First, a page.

Without medicines and a series of three surgeries to rebuild the heart,
babies with hypoplastic
left heart syndrome (HLHS) won't survive. The left side of the heart can't be
fixed, so the goal of the surgeries is to rebuild parts of the heart and "redirect"
the way blood flows.
The last surgery in the series is the Fontan procedure. Children
get this after the Glenn procedure,
usually when they're 18 to 36 months (3 years) old. Until now, blood low in oxygen
from the lower part of the body has mixed with blood high in oxygen.
Make blood from the lower part of the body go directly to the lungs. This lets
the blood pick up oxygen without having to pass through the heart.
In babies with hypoplastic left heart syndrome, low-oxygen blood
from the lower part of the body mixes with high-oxygen blood. After the Fontan procedure,
low-oxygen blood and high-oxygen blood no longer mix. This lets the heart deliver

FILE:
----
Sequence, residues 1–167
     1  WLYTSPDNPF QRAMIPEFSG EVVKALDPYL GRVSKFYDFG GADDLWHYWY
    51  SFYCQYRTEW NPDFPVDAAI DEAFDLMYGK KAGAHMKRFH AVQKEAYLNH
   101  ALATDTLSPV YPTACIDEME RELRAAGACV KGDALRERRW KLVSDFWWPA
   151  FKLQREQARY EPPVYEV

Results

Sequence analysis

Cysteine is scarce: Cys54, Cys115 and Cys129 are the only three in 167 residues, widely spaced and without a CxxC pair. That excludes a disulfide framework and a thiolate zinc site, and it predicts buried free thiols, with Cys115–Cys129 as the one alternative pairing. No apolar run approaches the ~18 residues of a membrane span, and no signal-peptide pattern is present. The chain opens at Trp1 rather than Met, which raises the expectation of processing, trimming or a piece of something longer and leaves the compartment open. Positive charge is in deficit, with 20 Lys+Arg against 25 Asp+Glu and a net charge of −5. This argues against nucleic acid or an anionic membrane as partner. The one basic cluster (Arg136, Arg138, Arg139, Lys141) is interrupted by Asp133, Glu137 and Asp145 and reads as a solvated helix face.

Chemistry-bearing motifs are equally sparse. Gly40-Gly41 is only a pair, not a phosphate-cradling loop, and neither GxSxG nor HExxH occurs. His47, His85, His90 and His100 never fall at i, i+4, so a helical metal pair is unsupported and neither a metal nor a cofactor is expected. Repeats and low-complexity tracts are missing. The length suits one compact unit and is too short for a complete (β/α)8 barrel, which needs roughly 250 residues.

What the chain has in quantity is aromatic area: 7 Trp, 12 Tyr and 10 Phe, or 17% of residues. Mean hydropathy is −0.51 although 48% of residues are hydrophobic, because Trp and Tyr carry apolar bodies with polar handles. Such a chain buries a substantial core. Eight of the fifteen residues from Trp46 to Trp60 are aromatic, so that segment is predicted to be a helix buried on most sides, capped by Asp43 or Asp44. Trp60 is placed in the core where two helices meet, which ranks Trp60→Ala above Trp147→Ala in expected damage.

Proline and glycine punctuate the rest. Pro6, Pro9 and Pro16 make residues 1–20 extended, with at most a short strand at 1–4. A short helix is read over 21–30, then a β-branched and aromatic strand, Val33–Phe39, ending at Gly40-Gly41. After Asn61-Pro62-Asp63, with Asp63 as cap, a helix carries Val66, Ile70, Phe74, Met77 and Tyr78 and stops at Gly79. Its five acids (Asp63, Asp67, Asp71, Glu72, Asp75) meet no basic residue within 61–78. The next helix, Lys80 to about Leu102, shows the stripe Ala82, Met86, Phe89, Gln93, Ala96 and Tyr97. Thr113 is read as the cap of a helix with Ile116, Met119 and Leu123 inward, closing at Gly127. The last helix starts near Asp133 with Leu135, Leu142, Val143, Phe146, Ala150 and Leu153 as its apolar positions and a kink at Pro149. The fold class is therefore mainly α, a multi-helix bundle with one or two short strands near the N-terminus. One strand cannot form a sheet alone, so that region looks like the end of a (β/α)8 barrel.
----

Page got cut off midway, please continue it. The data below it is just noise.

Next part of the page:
only high-oxygen blood to the body.
What Happens During the Fontan Procedure?
The Fontan procedure involves redirecting blood flow from the lower body to the
lungs. In the Fontan procedure:
Often, a small hole or "fenestration" is created between the
Fontan conduit and the right
atrium. This lets some blood still flow directly back to the heart and acts as
a "pop-off" valve as the lungs get used to the extra flow from the lower part of the
body. This hole can be closed later with a cardiac
Blood from the lower body now goes to the pulmonary artery, and
then to the lungs, without having
to go to the heart. The right ventricle remains the main
pump and now just sends blood coming back from the lungs with oxygen out to the body.
After the Fontan procedure, blood high in oxygen and blood low in oxygen are separated.
That means more oxygen can get to the body.
What Happens After the Fontan Procedure?
Children who have the Fontan procedure usually spend 1 to 2 weeks in the hospital
to recover. They get-around-the-clock care and monitoring. They also get medicines
to help the heart and improve blood flow.
What Else Should I Know?
Many children thrive and do well after heart surgery. They'll need to get lab tests
often and occasional catheterizations.
To help keep your child as healthy as possible:
Go to all doctors visits.
Give all medicines as directed.
Follow the guidelines from your care team.
Sometimes, the three heart surgeries may not totally fix all heart problems or
the right ventricle can tire out over time. In these cases, a child may need a heart transplant.